On a side note, our 10 day forecast had 7 out of 10 days below freezing with highs in the 40s... when it hits 18 degrees a few times during that period,,, it may very well be Oct. 5th all over again...
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Now that I know that clay's texture(platelets) has nothing to do with water infiltration, percolation, or drainage
,,, I wonder what does...
*
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  #14  
Old 10-09-2012, 08:36 AM
Turboguy Turboguy is offline
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Quote:
Originally Posted by tonydirks View Post
Smallaxe, I am not sure I understand what you are saying? The matting we use runs close to the same price as a good thick layer of hydromulch, we charge $0.18 a sq. ft., and I know some here will say thats high for hydromulch, I seen threads where they claim they do it for $.04 a sq. ft., and I say no wonder I have not been impressed with the results that I have seen in hydoseeding, because you have the lowballers out there bidding it cheap to get the job and the grass stand doesnt look any better than if you would have just scattered seed without doing a thing to it.
You make some good points and I have to agree that someone who lowballs a job and does shoddy work probably is hurting the industry and their own business in the long run. I have been involved in the hydroseeding industry for 22 years and hydroseeding for 16 years and do a lot of hydroseeding. I am also on the board of the hydroseeding association and talk to a lot of hydroseeders. I don't see anyone seeding anymore at 4 cents a foot unless it is a big highway job or the like. I see guys whose material cost to hydroseed is that. Mine is more in the 2 cent range. I do see guys who charge 16-20 cents a foot. Mine is more in the 8-10 cents a foot going up to 20 for small jobs.

I will agree that if someone does a shoddy job of hydroseeding it may not be any better than just throwing seed on the ground but about 20% of my work is redoing jobs where they threw seed on the ground even as many as 3 times or used seed and straw and couldn't grow grass and I got them a great stand of grass by hydroseeding. Seeing a lot of seeding jobs done various ways I do think spreading seed and covering it with a layer of compost is also an excellent way to go.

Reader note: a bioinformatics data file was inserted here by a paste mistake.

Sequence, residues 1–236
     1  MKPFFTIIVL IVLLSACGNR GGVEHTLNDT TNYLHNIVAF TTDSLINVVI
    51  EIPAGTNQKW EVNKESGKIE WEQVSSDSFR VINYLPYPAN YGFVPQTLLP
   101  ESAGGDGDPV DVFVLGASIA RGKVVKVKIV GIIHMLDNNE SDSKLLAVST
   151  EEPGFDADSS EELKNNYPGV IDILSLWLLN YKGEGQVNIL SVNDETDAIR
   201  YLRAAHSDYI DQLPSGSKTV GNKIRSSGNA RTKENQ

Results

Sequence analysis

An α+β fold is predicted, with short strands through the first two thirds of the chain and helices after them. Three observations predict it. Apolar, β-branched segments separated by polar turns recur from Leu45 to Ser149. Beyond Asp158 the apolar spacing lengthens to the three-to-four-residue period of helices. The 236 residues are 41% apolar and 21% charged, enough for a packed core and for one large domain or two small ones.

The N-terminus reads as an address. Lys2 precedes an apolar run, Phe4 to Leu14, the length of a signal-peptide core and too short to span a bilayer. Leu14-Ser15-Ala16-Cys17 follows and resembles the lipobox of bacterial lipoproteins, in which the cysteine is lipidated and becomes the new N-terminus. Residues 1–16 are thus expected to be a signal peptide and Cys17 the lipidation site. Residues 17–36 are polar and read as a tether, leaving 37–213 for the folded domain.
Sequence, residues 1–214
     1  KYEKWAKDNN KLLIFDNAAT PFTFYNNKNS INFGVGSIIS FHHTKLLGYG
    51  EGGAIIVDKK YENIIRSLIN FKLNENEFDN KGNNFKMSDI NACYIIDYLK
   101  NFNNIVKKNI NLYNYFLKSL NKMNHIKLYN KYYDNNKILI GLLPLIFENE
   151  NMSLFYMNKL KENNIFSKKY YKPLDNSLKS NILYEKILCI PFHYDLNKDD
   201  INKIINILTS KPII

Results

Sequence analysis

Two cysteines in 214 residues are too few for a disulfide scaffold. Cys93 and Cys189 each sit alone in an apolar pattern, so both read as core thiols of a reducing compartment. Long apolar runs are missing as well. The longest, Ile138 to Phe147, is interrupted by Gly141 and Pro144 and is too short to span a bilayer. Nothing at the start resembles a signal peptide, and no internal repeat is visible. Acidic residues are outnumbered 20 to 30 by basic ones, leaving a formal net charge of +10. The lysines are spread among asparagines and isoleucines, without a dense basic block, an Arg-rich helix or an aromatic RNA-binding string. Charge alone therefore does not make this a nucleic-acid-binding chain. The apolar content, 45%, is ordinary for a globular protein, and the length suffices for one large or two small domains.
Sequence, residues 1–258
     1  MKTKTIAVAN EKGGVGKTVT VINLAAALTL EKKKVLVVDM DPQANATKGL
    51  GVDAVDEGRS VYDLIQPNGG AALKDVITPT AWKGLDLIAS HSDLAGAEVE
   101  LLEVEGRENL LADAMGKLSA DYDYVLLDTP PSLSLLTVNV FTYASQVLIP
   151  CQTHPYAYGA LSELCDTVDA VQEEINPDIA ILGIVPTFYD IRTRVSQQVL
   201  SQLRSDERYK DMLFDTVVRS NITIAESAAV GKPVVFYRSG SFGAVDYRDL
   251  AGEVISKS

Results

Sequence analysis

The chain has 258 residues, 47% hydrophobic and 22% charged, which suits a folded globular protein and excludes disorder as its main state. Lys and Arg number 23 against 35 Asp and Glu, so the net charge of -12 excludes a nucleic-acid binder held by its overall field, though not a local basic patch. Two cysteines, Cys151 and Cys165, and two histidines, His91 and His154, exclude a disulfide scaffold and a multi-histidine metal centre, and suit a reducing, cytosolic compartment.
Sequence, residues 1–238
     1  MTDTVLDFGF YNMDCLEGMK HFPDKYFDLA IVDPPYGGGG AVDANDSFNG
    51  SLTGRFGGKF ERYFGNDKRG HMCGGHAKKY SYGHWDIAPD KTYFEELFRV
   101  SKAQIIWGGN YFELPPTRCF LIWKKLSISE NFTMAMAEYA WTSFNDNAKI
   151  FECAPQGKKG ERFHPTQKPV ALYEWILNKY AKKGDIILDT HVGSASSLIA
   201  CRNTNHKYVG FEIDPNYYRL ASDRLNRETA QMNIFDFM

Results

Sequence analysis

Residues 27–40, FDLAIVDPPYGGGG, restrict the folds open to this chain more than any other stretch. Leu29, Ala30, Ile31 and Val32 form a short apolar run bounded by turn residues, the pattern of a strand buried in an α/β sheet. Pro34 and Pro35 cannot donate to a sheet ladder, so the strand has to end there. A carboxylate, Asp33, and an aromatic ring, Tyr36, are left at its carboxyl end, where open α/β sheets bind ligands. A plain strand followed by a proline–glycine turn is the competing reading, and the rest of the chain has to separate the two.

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  #15  
Old 10-09-2012, 09:23 AM
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Snyder's Lawn Inc Snyder's Lawn Inc is offline
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Quote:
Originally Posted by Smallaxe View Post
My point is to just stop using the strawmat, the hydromulch or fabric entirely... If you feel the need to cover the seed then, compost is going to do the most excellent short term and long job of anything... But I never use straw(other than extreme circumstance) and use compost for the sake of using compost in tough areas...

There are lots of strategies that I use for seeding depending on the environment, the season, irrigatio or not, soil, existing turf thickness, etc.,,, but putting down a straw mat is never an option for me, there is a better more excellent way to start seed and grow turf, so don't let the naysayers/bullies intimidate you into staying inside your box...
This late in the season better use the straw not hydromulch
Who puts fabric down over seed I want hear more on this fabric
Somethings you say makes me
Thank AXE
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  #16  
Old 10-09-2012, 09:35 AM
Smallaxe Smallaxe is online now